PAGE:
As businesses around the world have adjusted their working practices to accommodate the exponential rise in remote workers, so have hackers and cyber-criminals.
It’s safe to say that without cloud-based file sharing and collaboration solutions, many businesses would have struggled to communicate effectively over the past 3 months. Amidst signs that the COVID-19 virus is being contained, remote workers are being plagued by a massive increase in malware attacks. Specifically, bad actors are targeting the enterprise collaboration solutions organisations have come to depend upon.
IT security bloggers, content contributors and researchers alike have reported on two significant security issues that have arisen in recent months. First, the ramping up of hacking and malware attacks designed to target a workforce that is not used to working remotely. Second, a corresponding admission amongst IT security professionals that they were not adequately prepared to combat the volume and variety of threats they have had to face.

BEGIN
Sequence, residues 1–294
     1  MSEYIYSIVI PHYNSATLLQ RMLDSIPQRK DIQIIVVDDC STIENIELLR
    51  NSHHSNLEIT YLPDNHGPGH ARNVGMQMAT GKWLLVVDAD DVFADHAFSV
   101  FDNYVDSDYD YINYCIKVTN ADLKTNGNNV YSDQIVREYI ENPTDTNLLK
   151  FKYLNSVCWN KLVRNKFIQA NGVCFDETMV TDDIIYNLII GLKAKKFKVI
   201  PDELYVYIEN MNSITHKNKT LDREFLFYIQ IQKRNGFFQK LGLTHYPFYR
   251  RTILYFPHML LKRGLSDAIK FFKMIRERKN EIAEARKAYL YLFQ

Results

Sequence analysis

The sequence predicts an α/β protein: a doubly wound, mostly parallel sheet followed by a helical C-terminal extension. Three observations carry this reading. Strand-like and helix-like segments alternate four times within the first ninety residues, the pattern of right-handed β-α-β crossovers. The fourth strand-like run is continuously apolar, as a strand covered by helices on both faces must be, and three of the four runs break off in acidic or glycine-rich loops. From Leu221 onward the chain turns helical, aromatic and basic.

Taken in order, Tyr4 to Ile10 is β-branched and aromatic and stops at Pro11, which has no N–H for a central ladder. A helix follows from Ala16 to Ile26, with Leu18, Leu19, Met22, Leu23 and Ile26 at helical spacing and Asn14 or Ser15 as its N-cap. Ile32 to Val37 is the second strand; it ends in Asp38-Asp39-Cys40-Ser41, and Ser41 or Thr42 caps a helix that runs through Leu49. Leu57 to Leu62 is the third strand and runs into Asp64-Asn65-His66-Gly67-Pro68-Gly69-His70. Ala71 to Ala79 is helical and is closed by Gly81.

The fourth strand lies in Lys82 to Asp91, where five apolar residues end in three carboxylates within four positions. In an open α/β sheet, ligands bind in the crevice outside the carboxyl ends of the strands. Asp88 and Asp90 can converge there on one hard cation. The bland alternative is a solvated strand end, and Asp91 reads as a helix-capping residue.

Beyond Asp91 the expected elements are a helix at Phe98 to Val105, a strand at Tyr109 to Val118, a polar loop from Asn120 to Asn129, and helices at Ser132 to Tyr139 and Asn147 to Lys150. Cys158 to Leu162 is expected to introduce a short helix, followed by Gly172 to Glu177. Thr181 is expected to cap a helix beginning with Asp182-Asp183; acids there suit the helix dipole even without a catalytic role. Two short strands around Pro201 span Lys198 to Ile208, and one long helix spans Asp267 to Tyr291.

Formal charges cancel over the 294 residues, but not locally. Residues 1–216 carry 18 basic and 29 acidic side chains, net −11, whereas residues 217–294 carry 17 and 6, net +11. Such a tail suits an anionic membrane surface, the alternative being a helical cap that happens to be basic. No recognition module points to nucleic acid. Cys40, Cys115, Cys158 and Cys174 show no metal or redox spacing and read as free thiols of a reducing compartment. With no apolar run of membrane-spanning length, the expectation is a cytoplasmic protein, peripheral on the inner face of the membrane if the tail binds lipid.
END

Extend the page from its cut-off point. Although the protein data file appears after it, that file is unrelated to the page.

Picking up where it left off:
The sudden dependence on enterprise file-sharing and collaboration tools has exposed some potential security weaknesses amongst popular applications and a lack of flexibility or user-friendliness amongst others. The challenge for many collaboration tools is that they were built from a convenience first point of view, not a security first one. The ability to share any file type, with anyone, anywhere looses its appeal if it lacks the peace of mind that comes from knowing your files are secure. The second point is just as potentially damaging, as users will eschew mandated solutions in favour of more convenient, and more risky, alternatives.
Best practice for file sharing and collaboration needs to strike a balance between usability and security. Of course, it is also incumbent upon remote workers to demonstrate best practice too. Don’t open or share suspicious attachments and don’t use insecure, public services to exchange sensitive information.